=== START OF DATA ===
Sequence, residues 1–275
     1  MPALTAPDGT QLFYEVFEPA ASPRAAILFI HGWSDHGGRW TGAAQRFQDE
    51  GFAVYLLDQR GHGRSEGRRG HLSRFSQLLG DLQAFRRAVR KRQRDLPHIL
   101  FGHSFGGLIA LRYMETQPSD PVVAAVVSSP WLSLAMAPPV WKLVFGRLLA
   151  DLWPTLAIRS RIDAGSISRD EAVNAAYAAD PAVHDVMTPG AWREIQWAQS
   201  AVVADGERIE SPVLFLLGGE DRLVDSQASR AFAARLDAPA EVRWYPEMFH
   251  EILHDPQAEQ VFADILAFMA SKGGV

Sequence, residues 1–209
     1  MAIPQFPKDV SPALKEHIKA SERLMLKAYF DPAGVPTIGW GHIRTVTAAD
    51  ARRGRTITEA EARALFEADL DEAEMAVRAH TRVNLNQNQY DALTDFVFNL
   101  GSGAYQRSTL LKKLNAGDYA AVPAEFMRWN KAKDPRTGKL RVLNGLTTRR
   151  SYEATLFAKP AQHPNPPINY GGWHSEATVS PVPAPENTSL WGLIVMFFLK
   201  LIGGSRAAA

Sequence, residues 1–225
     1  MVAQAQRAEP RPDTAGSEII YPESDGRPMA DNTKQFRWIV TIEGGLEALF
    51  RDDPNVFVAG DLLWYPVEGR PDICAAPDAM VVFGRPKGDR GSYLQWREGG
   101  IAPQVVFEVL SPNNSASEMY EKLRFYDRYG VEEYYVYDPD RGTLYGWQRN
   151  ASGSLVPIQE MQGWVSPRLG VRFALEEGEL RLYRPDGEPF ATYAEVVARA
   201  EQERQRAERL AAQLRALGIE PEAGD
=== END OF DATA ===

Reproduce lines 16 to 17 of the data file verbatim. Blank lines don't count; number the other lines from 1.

    51  RDDPNVFVAG DLLWYPVEGR PDICAAPDAM VVFGRPKGDR GSYLQWREGG
   101  IAPQVVFEVL SPNNSASEMY EKLRFYDRYG VEEYYVYDPD RGTLYGWQRN